“For John came neither eating nor drinking, and they say, ‘He has a demon’; the Son of Man came eating and drinking, and they say, ‘Look, a glutton and a drunkard, a friend of tax collectors and sinners!'” – Matthew 11:18-19
On the last night of our retreat at Plum Village, a Buddhist monastery in France, the nuns who led my small group invited us to a potato barbecue. When everyone else began observing noble silence, we lit the tiny hibachi outside the tea house and rummaged through the garden for things to grill.
In addition to potatoes, we grabbed zucchini, snap peas, and kale. We brushed them with olive oil, sprinkled them with salt, and put them over the fire. Our conversation was easy, and the night was a feast.
But off in the corner, one nun sat with her back to the group. When the laughter got too loud, she turned in to shush us. Chastened, we lowered our voices until our joy got the better of us again.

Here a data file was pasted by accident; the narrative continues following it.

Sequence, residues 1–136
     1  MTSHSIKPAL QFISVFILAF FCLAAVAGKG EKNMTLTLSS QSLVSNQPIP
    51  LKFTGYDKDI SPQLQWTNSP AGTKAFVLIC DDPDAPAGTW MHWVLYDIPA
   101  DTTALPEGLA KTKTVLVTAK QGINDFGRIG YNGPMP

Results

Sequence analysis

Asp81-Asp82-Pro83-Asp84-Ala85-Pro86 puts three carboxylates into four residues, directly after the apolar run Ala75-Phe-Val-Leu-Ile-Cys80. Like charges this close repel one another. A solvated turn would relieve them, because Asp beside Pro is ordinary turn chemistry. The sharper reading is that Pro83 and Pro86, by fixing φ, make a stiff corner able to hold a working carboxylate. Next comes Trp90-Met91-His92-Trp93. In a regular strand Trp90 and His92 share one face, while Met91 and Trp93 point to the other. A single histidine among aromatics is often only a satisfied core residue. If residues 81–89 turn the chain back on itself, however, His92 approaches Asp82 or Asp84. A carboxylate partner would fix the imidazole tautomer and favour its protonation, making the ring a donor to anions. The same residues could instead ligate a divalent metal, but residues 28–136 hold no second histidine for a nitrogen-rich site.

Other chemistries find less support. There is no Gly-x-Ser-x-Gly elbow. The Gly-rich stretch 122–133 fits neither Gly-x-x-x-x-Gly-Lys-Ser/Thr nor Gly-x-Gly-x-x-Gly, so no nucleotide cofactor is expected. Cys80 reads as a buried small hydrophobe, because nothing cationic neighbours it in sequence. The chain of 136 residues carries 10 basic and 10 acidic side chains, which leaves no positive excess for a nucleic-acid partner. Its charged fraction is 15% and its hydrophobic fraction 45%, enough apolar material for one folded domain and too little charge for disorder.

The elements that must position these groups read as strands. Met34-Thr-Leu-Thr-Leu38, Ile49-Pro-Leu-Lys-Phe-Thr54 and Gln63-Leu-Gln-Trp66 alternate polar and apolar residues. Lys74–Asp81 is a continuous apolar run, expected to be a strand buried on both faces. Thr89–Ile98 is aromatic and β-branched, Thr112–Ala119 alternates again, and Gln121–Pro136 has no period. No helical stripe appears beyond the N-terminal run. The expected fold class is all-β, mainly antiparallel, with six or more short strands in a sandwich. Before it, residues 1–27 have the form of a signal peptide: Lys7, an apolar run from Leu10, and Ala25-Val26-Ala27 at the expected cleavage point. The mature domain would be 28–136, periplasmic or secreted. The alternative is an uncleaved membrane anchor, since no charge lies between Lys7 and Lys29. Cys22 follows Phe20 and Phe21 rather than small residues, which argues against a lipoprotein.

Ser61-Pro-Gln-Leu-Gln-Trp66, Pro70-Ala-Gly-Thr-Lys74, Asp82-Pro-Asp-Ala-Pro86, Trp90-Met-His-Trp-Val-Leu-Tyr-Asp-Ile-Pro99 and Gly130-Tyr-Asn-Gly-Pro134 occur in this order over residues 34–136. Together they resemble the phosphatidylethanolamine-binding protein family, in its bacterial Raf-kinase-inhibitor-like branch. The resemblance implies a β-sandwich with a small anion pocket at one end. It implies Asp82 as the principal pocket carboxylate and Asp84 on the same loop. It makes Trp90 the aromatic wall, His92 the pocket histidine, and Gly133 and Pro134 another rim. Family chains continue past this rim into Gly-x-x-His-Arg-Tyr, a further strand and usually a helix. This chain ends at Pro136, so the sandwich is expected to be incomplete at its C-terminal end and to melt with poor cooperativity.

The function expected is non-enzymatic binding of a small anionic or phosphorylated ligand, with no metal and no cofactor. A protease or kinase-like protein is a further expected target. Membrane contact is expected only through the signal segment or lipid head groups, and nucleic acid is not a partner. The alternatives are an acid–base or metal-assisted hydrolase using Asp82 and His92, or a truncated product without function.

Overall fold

I think this is how Jesus and his disciples are seen by their contemporaries. Troublemakers. Class clowns. Party animals. They do not appear to be taking the spiritual life quite seriously enough. They are having entirely too much fun.
The true believers are skeptical of pleasure. Then and now. Spiritual people, we’re told, train their minds on loftier subjects. They aren’t carried away with celebration.
But Jesus is frequently spotted at parties, hanging out next to the water wine jugs and passing the potatoes (my translation). He’s preparing his followers for a heavenly banquet, and teaching them that joy is not a distraction from the spiritual life. It’s the heart of it.
Troublemaker, may I never shush your sacred feast.
Vince Amlin is co-pastor of Bethany UCC, Chicago, and co-planter of Gilead Church Chicago, forming now.